Folk Alliance: Heather’s Saturday showcase travelogue
4:30 p.m.: I admit it. I can be shallow. I HAVE been known to judge a book by its cover. Case in point, the Polky Village Band has always struck me as kind of a hokey name, so I’m a little ambivalent about checking out the showcase by this Toronto band, founded by singer Ewelina Ferenc, who came to Canada from Poland three years ago.
But the sound emanating from the Gordon Lightfoot room immediately draws me in. Ewelina is a powerful vocalist whose voice could peel wallpaper off walls, and her four-piece band of hammered dulcimer, accordion, fiddle and upright bass, anchored by Ewelina’s pounding drum beats, sounds like a party on wheels.
“Immigration is not an easy experience, but when you have guys like this around you that want to play your music, then immigration can’t seem too hard,” Ewelina tells the audience in a tone of tremendous gratitude and sincerity.
Oh Polky Village Band. How can I not love you?
- Folk Alliance: Dispatches from the Wednesday night showcases (Elizabeth Szekeres)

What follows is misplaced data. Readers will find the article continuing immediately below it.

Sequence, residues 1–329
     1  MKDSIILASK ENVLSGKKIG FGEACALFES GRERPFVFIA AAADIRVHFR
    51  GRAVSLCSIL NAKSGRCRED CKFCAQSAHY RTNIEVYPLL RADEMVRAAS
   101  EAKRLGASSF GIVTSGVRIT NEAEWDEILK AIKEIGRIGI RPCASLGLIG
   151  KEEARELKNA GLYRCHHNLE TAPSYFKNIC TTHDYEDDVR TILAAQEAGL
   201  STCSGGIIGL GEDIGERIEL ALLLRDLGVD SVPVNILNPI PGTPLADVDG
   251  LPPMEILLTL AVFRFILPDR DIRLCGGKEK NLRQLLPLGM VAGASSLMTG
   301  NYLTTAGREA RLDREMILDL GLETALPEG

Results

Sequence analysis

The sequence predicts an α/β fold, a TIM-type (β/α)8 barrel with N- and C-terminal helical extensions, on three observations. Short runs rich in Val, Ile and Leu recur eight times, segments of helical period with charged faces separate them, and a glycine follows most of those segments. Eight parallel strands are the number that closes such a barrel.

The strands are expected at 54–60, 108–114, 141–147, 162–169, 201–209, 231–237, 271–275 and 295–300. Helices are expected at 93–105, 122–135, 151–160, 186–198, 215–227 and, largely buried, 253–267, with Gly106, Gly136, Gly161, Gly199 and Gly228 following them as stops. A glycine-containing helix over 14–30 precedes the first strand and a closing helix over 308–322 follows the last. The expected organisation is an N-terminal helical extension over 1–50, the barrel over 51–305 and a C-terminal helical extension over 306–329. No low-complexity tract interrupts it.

- Folk Alliance: Dispatches from the Wednesday night showcases (Paul Corby)
- Folk Alliance: Heather’s official showcase travelogue (Thursday)
- Folk Alliance: Elizabeth’s tour of the official showcases (Thursday)
- Folk Alliance: Elizabeth’s tour of the Thursday night private showcases
- Folk Alliance: Elizabeth Szekeres’ tour of the Friday night showcases
- Folk Alliance: Heather’s Friday night showcase travelogue
4:50 p.m. – Bill Bourne is tearing into a rockin’ rendition of “Stackerlee” in the Robbie Robertson room as his supergroup, Tricontinental, consisting of Bill, Lester Quitzau, and Madagascar Slim, attempts to showcase its way into a comeback tour of sorts, following the release of its new album, Dust Dance.
The sound guy isn’t doing them any favours, managing to make their deliciously nuanced blend of blues, folk and Malagsy music sound at once muddy and shrill compared with their impeccably engineered albums, but the many hoots and hollers from the crowd and the dancers at the side of the stage suggest the goodness is getting through.
“Buddhist poetry over music. It’s the latest folk craze,” Lester tells the audience before breaking into “Dust,” a particularly cool piece from the latest album marked by vocal lines that are mostly distorted to the point of being indecipherable – making the final lines imploring listeners to “enjoy your time” here on earth all the more powerful.
The trio closes the set with a gorgeous performance of “In the Silence,” which perfectly showcases their unique musical blend. I leave the room in a pleasant trance.
The innovation in this band reminds me a bit of Tragedy Ann, with whom Moonfruits have toured, and it leaves me thinking that the future of roots music is in good hands. I wasn’t particularly familiar with this band before checking them out, but I’m loving what they’re doing. Two thumbs up, guys!